I met the garage punks the High Curbs at Lift Coffee Roasters in Whittier during the early afternoon. I arrive before them so I sit and wait. Shortly after, they walk in the typical hip punk attire dad hats, mustaches, and skate shoes. Their look is cliché but they make it up with their charisma.
The High Curbs are a bodacious four-piece from Chino. They’ve been a staple in the Inland Empire scene (according to the band lasted about 2 years) performing with the Red Pears, Beach Bums, and Jurrasic Shark, and the Healing Gems, but they’ve expanded to bigger things since. The original lineup consisted of Aaron Korbe, Andrew Palomino, Eduardo Moreno, and Matt Banneck, but Banneck left and was replaced by Alberto Alvarenga. Now, they made it past the houses and into the venues, most recently playing at Marty’s at Newport. They also have an upcoming show at the Tropicalia Fest this Saturday and is their second time playing the festival.
“We were playing the Observatory a lot,” Moreno explains.
“And they kind of like us,” Palomino adds. “They asked us to play last year and this year we asked them.”
“And they were like okay,” Alveranga says.
So here’s the inside of what it’s like being backstage at Tropicalia, you get a trailer for three hours, a bottle of Hennessey, free tacos, and you get to see all the artists up close.
“Last year we went, we didn’t even look like a punk band. We were dressed in a white. We looked like Los Tigres,” Palomino says with a laugh.
During their SoundCloud days, the band would use their phone to record their songs and then release them. This was before Alveranga joined the High Curbs; he was the guitarist in another group with a heavier rock sound before joining the High Curbs. Coming from a different band and musical approach, Alveranga contrasted the group in all the right ways. Their most recent EP release Tommy had a more prevalent studio touch than previous releases. And the sonic quality with the addition of Alvarenga is heavily apparent. Their biggest releases so far are two singles under a Burger Records x Volcom project. Now, the High Curbs go to a studio, preferably recording live.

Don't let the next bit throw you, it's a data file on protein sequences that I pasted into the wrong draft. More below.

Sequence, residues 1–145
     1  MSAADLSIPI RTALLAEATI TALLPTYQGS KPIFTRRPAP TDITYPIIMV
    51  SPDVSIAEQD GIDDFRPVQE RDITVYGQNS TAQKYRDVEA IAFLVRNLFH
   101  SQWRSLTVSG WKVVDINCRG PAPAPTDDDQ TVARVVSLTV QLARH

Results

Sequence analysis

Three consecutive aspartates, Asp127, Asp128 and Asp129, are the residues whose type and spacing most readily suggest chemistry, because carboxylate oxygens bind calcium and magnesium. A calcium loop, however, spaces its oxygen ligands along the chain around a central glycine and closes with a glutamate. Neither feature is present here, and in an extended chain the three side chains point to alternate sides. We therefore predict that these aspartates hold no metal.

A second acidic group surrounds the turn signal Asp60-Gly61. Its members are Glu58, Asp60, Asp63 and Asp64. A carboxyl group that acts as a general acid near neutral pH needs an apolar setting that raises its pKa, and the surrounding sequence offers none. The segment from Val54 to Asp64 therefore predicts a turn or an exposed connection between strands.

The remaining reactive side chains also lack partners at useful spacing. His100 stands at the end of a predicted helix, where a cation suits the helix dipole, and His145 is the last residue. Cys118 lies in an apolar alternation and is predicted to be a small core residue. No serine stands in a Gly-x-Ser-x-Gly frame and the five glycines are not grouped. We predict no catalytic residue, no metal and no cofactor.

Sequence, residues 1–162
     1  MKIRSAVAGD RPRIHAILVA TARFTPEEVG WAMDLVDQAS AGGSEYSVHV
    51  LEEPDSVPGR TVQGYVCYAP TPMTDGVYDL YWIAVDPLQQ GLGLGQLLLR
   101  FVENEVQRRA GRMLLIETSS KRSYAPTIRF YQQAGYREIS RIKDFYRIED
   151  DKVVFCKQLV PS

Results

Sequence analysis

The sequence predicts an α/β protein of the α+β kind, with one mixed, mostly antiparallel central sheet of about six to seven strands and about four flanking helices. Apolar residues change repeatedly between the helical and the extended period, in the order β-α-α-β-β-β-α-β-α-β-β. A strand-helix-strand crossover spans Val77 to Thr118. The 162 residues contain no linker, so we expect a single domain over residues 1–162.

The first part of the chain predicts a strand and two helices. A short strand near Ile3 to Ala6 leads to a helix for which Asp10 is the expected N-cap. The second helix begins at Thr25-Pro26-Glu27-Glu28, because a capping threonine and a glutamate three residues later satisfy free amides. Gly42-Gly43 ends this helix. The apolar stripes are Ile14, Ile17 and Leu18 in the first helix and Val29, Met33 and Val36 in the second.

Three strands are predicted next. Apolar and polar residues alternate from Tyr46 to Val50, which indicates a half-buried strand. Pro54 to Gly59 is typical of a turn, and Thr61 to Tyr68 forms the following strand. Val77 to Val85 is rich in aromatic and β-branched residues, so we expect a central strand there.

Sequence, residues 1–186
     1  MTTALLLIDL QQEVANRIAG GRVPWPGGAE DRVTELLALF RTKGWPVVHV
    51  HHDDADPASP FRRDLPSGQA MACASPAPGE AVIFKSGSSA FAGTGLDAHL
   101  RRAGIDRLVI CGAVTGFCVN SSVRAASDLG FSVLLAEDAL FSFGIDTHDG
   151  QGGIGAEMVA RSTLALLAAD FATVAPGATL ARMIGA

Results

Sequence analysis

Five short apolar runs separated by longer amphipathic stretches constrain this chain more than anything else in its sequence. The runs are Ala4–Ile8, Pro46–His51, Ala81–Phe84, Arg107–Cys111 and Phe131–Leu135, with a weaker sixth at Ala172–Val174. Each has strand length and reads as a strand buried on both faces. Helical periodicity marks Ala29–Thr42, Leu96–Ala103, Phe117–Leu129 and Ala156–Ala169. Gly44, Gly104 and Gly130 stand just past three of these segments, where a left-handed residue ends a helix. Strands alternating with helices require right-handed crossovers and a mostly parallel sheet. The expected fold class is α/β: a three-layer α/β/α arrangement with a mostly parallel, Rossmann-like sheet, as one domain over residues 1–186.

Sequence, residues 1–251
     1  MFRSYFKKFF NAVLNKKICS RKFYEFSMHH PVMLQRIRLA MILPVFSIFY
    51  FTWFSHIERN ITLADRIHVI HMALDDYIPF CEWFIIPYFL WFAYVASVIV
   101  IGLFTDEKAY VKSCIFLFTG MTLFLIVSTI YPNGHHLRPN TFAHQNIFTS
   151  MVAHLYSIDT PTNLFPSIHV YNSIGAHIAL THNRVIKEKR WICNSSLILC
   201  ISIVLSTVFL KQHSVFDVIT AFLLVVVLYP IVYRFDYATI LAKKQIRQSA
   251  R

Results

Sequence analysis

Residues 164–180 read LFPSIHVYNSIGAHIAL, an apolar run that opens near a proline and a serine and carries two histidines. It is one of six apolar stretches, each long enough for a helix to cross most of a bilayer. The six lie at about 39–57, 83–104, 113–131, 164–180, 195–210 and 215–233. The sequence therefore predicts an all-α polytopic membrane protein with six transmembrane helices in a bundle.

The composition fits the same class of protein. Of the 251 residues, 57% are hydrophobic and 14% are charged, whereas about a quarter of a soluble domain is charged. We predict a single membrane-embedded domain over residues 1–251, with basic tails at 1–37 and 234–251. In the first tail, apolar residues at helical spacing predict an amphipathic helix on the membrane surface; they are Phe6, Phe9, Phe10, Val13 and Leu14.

“When we started, we weren’t really talented musicians. It started with us saying “Oh, I have a guitar” and “Oh, I have a drum set,” Palomino says.
“The tone changed once this guy came in [points to Alberto]”
“I guess I’m a lot heavier compared to them –,” Alvarenga says.
“It’s ‘cus your a big guy,” says Palomino, everyone laughs.
Moreno is the lyricist in the band — although this wasn’t really the case when they started. “Back in the day lyrics were a group thing, but now Ed comes with lyrics,” Palomino says.
“The way I write songs is so fucking simple, and they [points to the rest of the band] are the masters and they kind of hammer it. I have a little dagger and they make a sword out of it,” Moreno adds.
The backyard scene taught them how to be a live band, how to have energy and stage presence, and how to give the audience something to remember. They know how to put on a show if they need to. And they know the perfect measurement if they had a good set.
“If we have a good set, the 45-year-old sound guy will come up and tell us,” Korbe says.
If they have a bad set, they know how to deal with that too–kick the bassist. “People will say ‘The band sucked, but at least they kicked the bassist into the drum set,'” Palomino says jokingly.
The band currently have an untitled album in the works. Out of the 18 songs ready for release, the Tommy EP is made up of six, and they still want to release the 12 leftover in a second EP soon.
“We need to make the greatsword with this next album,” Moreno says. “I hope a forty-five-year-old sound tech likes it, that’s how I know we did a good album.”
The High Curbs perform at Tropicalia Fest (set time TBA), Nov. 3-4 at the Queen Mary in Long Beach. For info and tickets, click here.
I like to stare at my computer. Occasionally I type words to pass the time. Those words are usually about music.